When it comes to hydration, you may be overwhelmed with information about “how much is enough”. Inspired by the research of sports medicine doctor, fitness guru and long-time radio host Gabe Mirkin, MD, we have revealed detailed hydration tips to help endurance athletes find the right balance.
Once races start going into 24hrs it is nice to have at least one decent meal, in addition to sandwiches and munchie bag containing dried fruit, nuts, seed bars, salty crackers, crisps and other palatable treats. Races over 24hrs usually have support crew – they’ll provide the meal.’
- Is a teammate lagging behind on a trekking stage? Encourage them to walk ‘in your footsteps’, right behind you. This keeps them close; they focus on placing their feet in your footsteps so their fatigue is mostly forgotten and; being back with the team, their pace will pick up. A tow rope or lanyard tied to your backpack will help to keep them close too – and you’ll find that they probably won’t pull much once they get into a rhythm.
- Before each race – yes, before you confirm your team members and entry – discuss your goals and objectives for that race. Is your objective to listen, learn, observe and experience or are you aiming to go as hard as possible to see where you end up. Make sure your objectives are common and agreed upon pre-race. Look at some events for learning and others for racing. Graham Bird from the Merrell Adventure Addicts makes it clear that the intention should not be to find team members of similar fitness, but similar mindsets.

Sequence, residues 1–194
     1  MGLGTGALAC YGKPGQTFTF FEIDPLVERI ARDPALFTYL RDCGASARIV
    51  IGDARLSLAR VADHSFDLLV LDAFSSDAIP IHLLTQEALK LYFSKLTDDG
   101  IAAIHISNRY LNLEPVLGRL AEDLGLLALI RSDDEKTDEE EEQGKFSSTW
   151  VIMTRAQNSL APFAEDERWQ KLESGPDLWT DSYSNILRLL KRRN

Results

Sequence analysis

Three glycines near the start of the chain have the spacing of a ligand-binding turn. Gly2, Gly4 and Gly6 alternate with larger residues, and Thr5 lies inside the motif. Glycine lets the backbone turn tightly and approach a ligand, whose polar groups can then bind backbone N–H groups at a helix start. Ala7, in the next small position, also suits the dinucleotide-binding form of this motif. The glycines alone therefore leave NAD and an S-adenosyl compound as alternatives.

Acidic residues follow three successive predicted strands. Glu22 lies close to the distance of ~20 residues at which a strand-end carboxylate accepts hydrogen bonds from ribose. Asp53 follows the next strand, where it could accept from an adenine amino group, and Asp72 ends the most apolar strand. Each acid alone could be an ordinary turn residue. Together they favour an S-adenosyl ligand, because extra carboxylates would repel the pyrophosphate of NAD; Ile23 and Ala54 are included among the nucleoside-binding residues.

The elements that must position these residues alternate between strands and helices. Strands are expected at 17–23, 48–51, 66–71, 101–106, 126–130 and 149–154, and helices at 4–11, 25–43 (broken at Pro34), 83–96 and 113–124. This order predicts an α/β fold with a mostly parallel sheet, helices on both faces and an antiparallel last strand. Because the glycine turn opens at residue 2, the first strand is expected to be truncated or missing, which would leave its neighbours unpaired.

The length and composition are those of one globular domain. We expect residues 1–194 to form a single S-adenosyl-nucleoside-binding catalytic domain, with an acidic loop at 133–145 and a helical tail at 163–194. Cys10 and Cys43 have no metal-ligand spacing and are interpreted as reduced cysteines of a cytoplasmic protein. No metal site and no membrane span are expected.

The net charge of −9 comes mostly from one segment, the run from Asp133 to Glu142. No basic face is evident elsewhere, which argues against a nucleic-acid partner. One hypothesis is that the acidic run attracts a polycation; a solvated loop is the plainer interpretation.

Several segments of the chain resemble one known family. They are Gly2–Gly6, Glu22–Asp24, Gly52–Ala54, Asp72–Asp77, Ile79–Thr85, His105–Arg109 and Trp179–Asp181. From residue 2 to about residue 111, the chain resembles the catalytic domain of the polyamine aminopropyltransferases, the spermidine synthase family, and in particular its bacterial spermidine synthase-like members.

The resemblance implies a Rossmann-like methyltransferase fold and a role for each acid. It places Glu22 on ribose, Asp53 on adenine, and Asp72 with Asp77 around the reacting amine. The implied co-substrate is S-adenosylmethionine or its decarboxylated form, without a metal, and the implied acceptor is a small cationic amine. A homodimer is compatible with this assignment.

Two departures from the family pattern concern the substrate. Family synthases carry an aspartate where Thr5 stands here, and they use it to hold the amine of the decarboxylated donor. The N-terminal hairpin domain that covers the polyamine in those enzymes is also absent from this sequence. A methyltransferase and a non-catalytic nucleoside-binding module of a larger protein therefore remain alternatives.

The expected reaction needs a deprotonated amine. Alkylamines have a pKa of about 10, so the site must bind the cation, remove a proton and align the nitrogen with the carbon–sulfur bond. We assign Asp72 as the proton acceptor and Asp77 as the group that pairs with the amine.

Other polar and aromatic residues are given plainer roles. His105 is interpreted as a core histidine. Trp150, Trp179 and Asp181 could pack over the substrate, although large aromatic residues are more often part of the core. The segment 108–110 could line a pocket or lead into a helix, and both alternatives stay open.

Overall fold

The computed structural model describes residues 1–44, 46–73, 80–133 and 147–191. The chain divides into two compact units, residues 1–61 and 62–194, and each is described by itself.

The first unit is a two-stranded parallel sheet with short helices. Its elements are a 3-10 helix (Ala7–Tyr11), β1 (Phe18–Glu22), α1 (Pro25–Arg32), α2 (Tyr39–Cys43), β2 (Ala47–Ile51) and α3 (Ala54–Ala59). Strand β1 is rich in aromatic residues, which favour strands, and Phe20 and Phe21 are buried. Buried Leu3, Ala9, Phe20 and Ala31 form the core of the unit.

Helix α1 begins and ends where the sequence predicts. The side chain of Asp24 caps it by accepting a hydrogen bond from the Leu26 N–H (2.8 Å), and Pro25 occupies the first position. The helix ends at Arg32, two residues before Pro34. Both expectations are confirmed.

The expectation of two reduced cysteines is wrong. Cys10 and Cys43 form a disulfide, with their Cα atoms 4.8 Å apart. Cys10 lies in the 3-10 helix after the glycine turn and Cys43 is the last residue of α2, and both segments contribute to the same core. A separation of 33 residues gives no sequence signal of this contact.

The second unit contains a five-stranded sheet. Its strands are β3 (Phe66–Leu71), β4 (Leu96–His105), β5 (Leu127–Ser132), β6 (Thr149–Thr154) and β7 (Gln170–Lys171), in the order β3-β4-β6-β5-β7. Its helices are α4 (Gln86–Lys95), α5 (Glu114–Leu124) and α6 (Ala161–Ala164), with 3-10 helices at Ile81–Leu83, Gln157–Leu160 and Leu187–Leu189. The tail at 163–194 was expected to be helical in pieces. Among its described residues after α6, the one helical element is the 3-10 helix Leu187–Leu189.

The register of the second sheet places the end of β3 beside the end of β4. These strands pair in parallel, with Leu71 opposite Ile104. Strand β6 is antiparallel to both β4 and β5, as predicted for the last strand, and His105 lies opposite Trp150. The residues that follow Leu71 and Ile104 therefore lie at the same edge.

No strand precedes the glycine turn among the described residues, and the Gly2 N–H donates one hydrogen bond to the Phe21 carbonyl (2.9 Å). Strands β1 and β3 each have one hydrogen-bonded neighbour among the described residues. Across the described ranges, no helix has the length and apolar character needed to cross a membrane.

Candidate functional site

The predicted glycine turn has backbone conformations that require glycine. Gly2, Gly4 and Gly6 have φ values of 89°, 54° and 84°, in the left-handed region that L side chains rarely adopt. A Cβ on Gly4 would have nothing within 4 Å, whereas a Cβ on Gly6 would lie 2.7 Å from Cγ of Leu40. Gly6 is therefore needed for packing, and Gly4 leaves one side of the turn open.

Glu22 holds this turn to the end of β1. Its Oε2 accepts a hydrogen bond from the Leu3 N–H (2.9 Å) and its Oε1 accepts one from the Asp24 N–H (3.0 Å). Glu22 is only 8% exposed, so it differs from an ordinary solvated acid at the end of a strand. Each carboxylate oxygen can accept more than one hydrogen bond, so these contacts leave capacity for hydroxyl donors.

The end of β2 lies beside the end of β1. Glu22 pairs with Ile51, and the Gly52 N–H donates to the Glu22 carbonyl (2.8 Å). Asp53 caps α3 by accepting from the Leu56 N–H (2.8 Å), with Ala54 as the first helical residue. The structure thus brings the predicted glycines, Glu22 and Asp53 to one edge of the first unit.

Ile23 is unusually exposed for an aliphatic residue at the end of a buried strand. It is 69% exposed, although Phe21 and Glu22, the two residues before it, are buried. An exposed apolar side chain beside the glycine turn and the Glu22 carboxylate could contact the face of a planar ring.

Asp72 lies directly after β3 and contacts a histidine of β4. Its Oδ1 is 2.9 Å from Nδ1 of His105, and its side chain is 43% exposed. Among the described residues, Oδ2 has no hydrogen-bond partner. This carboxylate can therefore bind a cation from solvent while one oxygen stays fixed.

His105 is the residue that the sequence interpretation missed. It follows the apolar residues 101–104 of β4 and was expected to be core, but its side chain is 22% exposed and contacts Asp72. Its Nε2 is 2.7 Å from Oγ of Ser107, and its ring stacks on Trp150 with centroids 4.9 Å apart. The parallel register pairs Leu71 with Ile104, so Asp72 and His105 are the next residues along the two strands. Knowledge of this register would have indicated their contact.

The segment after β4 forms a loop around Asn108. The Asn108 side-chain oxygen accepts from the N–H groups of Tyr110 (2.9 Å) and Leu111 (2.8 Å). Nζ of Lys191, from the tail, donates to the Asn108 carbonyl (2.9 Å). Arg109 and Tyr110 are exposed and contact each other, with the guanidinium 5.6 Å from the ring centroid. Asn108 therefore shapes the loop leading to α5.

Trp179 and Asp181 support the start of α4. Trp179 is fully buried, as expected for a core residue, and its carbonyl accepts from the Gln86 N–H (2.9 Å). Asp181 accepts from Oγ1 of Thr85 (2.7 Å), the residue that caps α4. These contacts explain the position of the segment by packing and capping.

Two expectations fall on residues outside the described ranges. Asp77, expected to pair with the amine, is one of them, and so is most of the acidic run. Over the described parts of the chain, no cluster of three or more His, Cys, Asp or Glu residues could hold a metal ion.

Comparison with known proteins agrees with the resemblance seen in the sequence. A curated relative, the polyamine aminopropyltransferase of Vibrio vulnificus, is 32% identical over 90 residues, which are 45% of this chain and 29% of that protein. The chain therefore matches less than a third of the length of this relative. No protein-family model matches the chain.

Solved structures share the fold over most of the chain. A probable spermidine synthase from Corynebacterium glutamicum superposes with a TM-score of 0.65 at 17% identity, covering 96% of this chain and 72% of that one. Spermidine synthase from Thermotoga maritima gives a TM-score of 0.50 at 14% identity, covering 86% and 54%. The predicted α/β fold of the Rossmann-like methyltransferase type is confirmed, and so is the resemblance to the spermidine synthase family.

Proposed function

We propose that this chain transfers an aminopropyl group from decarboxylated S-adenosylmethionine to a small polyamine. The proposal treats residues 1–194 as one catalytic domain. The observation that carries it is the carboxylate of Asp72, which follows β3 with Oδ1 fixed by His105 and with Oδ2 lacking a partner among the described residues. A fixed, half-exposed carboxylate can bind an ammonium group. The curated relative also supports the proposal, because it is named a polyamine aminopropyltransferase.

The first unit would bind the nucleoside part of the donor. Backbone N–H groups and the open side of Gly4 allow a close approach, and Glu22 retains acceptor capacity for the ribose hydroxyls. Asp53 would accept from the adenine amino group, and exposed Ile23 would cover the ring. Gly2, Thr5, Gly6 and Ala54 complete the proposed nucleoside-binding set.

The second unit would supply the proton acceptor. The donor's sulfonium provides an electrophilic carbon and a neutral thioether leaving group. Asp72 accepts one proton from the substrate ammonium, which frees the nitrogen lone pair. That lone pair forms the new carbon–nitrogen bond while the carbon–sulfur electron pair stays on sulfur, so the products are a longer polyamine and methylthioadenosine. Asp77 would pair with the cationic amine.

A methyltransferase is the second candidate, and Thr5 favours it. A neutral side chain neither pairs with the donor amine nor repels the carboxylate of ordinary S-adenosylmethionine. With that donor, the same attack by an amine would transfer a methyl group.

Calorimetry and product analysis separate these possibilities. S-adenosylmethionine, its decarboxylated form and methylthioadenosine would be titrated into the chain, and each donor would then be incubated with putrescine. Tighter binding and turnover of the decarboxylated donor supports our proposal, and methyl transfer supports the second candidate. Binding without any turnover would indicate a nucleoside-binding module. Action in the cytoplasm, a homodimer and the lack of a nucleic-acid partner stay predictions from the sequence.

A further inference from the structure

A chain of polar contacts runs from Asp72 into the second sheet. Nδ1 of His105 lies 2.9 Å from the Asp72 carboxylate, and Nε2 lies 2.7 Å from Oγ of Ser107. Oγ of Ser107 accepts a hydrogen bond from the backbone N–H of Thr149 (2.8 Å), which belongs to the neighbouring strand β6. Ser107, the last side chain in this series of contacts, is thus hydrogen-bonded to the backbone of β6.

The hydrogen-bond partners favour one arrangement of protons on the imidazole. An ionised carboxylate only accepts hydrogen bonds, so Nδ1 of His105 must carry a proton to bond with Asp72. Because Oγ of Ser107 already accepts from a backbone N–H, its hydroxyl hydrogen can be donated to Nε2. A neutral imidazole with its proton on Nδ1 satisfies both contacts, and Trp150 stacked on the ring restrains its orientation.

- If you find yourself paddling a sit-on-top kayak at night, in winter, when temperatures are near freezing (or sub-zero!), climb into a heavy duty black garbage bag to protect your legs from ice-cold splashes of water coming off your paddle.
The only one way to find out if this sport is for you, is to get out there and start adventure racing!
The AR World Series is the pinnacle of the sport and culminates each year in the AR World Championships, which has has been won for the last three years by Team New Zealand Seagate. South Africa was well represented in 2016 when Team Sanlam Painted Wolf placed fourth.
In order to qualify for the World Championship teams must place in the top two, or be the first all national team (all members from the same country) to finish in any of the qualifying events throughout the year. Qualifying events take place all over the world, and one of these events, Expedition Africa, is hosted in South Africa, in the Baviaanskloof Wilderness area in the Eastern Cape.
For those looking to start adventure racing with smaller budgets and perhaps a little less experience there are a number of events available which may be of more interest and which are not as long and challenging. Visit Kinetic and Ndorfin for such events.
Schools Adventure Racing enables younger athletes to start adventure racing too, with an SA Schools Adventure Racing Championship taking place each year to crown the fittest young adventurers in the country.
So why start adventure racing?
Mark Collins from Team Sanlam Painted Wolf sums it up perfectly: “We live in a time of unprecedented ease of life. In the modern day as a human being as much as we’ve evolved to look after ourselves and take care of ourselves, I think there’s (this thing) inside of us that needs to be pushed to that edge. Food tastes different, music sounds different, everything sounds crisp and essential when you’ve been taken to the edge and back. And I think that’s why people do do a lot of things like this that take you to the edge and back, to be able to taste life in its fullness.”
For all things AR visit: